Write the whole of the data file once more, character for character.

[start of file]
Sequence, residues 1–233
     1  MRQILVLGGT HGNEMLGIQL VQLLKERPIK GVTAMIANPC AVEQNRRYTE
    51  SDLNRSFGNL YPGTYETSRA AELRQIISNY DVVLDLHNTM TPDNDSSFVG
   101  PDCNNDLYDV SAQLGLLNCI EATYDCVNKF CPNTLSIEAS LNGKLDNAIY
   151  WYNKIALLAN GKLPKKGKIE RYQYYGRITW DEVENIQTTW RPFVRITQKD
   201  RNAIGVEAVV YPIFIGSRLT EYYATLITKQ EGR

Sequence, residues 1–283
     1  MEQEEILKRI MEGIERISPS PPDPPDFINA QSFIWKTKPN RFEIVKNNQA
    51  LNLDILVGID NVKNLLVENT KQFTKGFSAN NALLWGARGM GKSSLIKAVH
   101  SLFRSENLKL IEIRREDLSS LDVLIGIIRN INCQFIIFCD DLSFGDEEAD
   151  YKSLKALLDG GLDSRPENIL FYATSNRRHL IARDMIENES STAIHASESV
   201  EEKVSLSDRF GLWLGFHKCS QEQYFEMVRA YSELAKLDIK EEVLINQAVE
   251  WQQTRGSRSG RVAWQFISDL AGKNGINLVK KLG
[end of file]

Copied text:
Sequence, residues 1–233
     1  MRQILVLGGT HGNEMLGIQL VQLLKERPIK GVTAMIANPC AVEQNRRYTE
    51  SDLNRSFGNL YPGTYETSRA AELRQIISNY DVVLDLHNTM TPDNDSSFVG
   101  PDCNNDLYDV SAQLGLLNCI EATYDCVNKF CPNTLSIEAS LNGKLDNAIY
   151  WYNKIALLAN GKLPKKGKIE RYQYYGRITW DEVENIQTTW RPFVRITQKD
   201  RNAIGVEAVV YPIFIGSRLT EYYATLITKQ EGR

Sequence, residues 1–283
     1  MEQEEILKRI MEGIERISPS PPDPPDFINA QSFIWKTKPN RFEIVKNNQA
    51  LNLDILVGID NVKNLLVENT KQFTKGFSAN NALLWGARGM GKSSLIKAVH
   101  SLFRSENLKL IEIRREDLSS LDVLIGIIRN INCQFIIFCD DLSFGDEEAD
   151  YKSLKALLDG GLDSRPENIL FYATSNRRHL IARDMIENES STAIHASESV
   201  EEKVSLSDRF GLWLGFHKCS QEQYFEMVRA YSELAKLDIK EEVLINQAVE
   251  WQQTRGSRSG RVAWQFISDL AGKNGINLVK KLG